A bit of hyperbole in that title, but having reared four daughters to adulthood and now coming down the home stretch with daughter #5, I'm here to say that senior proms are among my least favorite graduation events.

Everything about a prom costs money, big money.

This year, I'm in no mood to spend it.

The first piece of good news is that my daughter's school does not charge for prom tickets. But tickets to the dance are just one of many prom expenses--there's still the dress, nails, make-up, hair, shoes, dinner and transportation.

My daughter's first choice of dress was a lovely rose-pink sheath that costs a mere $300. That was about $250 over my personal budget for a dress that would be worn just one time. VERY reluctantly, my daughter agreed to check out high-end resale shops. We trudged all over town last week-end to no avail. But two nights ago, we decided to try plus-size thrift shop (my daughter wears a size 16). Lo and behold, there was the perfect sphagetti strapped light blue gown that looked wonderful on her, and the price was $39. We stopped off at K-mart to buy a pair of white flat, back-strapped flipflops on sale for $7.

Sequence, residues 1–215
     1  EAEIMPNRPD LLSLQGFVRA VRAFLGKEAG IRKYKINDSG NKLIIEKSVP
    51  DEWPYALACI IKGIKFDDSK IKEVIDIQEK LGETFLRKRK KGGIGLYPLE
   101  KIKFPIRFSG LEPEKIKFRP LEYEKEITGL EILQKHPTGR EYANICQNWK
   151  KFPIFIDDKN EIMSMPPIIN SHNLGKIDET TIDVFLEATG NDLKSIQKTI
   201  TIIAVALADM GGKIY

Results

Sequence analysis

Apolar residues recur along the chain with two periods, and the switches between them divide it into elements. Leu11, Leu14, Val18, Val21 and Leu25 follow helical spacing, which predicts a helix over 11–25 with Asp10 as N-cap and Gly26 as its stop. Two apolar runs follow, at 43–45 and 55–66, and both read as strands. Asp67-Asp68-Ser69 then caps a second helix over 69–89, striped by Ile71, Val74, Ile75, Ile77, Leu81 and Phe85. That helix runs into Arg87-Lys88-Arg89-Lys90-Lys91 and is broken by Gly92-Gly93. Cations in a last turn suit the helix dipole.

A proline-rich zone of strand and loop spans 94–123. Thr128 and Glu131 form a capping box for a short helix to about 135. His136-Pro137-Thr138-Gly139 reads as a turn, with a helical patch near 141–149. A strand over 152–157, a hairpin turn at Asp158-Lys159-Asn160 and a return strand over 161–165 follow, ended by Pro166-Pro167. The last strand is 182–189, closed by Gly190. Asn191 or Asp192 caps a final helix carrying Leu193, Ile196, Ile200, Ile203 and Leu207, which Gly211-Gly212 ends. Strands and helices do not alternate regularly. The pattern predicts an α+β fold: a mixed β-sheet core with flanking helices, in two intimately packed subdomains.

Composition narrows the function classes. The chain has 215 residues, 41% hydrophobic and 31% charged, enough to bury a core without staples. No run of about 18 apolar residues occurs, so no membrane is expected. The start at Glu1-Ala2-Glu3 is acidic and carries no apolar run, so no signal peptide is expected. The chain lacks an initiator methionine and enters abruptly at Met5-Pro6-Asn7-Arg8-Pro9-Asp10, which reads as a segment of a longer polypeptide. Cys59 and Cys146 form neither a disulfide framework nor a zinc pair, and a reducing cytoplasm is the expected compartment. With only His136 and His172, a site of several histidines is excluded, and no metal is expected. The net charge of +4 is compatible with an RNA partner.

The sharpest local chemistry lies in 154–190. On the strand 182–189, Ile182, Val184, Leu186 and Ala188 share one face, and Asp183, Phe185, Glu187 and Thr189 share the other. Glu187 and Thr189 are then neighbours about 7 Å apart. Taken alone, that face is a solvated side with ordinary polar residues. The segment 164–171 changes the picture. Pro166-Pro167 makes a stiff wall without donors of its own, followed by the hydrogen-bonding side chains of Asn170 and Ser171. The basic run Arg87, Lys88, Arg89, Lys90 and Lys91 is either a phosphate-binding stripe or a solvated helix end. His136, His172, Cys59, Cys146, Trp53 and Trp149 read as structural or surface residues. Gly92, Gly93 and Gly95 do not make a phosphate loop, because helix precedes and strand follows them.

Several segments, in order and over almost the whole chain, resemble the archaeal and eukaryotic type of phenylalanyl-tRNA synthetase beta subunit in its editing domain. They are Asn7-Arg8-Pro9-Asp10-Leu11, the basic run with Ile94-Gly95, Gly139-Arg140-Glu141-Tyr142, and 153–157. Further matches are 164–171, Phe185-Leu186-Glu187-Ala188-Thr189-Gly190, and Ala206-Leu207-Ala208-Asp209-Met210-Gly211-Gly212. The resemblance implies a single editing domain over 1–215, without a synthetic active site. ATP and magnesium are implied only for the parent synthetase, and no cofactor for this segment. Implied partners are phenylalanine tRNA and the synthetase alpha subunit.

The kids wanted a limo to cart them around from restaurant to dance (with numerous stops in between to show off). On an individual basis, the cost would have been prohibitive, but by sharing with nine other prom-goers, the cost was $79.

Make-up could be done at Nordstrom's for $50, but my daughter checked with our neighbor, an esthetician at a local spa, to see if she'd be interested in helping out. Indeed she would. In fact, she agreed to do both make-up and hair for each girl for $25 each.